Oseguera “I have been organizing Latinas for over 20 years. This, for me, is a long-term project, a long-term mission, because a lot of parties and politicians are reaching out [only] when they need our vote.”We’re more engaged and we’re more aware. And we’re growing. That’s the key. Our political and economic and purchasing power is growing. And our organizing is getting better. Every year, we have almost 1 million LatinX [Americans] who are going to be voting. We’re not a minority anymore. We’re a rising majority.”
Q: What does the issue advocacy look like? What are you talking to voters about?
Oseguera: “Immigration is not our only issue …The top issue in our community is COVID. Most [of us] have known someone with COVID. That’s on top of our minds, as well as the economy and jobs, and education.”
Q: The community is a varied and vibrant one. It’s hardly monolithic. The priorities of, say, voters of Mexican descent might not be those of Cuban descent. How are you speaking to those different constituencies?
Meninato: “One of the things to note is that we’re targeting Puerto Rican moms, because if you live in Puerto Rico, even though you’re a citizen, you can’t vote for president. But you can the minute you move to the mainland United States. And they’re one of the biggest voting blocs in the United States. Literally, the Puerto Rican vote could swing the election in Pennsylvania. There are 400,000 Puerto Ricans who are eligible to vote in Pennsylvania … and just 44,000 votes determined the presidency [in Pennsylvania] in 2016.”
Q: The U.S. Supreme Court ruled [last] week that it’s okay for the Trump administration to stop the Census early. Now the court is being called to rule on whether undocumented immigrants can be excluded from the count. The former already has far reaching implications. What about the two together?
Oseguera: “It is very worrisome. I think it is going to have a very long impact. There will be a couple of generations who are going to be impacted by this decision. I hope it’s not as bad we think it is.”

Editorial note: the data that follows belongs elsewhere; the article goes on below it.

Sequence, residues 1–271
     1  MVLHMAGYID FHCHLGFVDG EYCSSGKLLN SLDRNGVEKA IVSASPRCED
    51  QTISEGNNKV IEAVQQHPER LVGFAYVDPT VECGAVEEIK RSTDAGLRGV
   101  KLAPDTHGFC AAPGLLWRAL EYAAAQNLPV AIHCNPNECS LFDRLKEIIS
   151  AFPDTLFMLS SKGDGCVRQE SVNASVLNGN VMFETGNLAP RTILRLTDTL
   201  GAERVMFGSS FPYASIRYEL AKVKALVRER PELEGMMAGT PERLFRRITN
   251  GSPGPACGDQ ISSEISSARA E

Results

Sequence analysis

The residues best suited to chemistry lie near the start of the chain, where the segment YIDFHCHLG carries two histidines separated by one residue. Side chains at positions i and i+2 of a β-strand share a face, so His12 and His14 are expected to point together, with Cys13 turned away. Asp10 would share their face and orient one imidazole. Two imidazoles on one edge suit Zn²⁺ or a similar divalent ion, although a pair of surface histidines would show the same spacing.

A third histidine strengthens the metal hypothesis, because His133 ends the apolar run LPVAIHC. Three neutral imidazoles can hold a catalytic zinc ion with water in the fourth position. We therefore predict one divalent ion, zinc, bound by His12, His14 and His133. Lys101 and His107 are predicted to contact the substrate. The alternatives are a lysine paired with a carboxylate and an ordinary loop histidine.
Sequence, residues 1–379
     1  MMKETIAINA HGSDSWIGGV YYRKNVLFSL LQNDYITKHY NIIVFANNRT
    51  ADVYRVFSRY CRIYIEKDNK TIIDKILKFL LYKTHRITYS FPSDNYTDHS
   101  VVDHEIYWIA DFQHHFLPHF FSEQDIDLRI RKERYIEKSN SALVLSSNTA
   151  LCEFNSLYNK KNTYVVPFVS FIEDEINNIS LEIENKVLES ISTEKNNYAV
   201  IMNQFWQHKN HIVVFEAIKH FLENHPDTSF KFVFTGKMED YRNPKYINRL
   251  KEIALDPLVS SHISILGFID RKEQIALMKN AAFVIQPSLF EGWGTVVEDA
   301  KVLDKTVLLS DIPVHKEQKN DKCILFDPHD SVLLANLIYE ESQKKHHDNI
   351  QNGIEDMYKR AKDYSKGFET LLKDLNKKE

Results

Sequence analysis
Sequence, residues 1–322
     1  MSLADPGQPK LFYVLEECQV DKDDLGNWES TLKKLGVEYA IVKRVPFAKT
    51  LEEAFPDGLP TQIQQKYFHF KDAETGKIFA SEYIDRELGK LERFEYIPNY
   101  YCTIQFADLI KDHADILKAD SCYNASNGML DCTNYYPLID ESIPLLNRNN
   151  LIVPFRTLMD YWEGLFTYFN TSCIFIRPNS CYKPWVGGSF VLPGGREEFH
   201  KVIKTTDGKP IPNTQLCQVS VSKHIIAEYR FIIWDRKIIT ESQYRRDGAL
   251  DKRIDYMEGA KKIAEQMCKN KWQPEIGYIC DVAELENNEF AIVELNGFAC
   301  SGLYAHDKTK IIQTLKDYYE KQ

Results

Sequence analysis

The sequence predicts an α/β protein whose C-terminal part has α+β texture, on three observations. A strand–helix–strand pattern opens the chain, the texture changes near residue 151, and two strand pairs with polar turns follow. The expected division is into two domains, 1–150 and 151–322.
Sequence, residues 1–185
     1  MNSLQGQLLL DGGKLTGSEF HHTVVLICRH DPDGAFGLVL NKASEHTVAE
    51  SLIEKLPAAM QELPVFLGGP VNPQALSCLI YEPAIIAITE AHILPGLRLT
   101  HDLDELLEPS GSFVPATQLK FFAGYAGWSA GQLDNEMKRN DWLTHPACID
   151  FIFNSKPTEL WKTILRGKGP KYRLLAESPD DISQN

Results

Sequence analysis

Q: People are already voting in Pennsylvania. Do you have a sense if LatinX voters are in that early cohort? Are they as engaged?
Meninato: “The people I’ve been talking to have said they’ve already voted. But they are politically engaged. So it’s a little early to tell. There will be an emphasis on phone banking [to mobilze people]. Because of COVID, you don’t see as much canvassing, which is unfortunate, because canvassing is the best way to reach people.
“Some of the people we’re targeting are single moms with three kids — so it’s really important to go to people and make sure they have the information they need. It’s not just mom, but it’s also the kids. If they don’t watch her vote every year, they won’t go.”
Q: Any parting thoughts?
Oseguera: “Pennsylvania is one of our most important states at MomsRising. We have a large membership and a very engaged membership … we’re going to be building power in Pennsylvania. We have been building power in Pennsylvania since 2006, and we will continue making sure that all levels [of government] really listen to what we need in Pennsylvania — from access to paid family leave to the respect of the immigrant family. We’re advocating for the complete elimination of the Berks Detention Center. We’re in Pennsylvania for the long term, increasing our power and our voices at all levels.”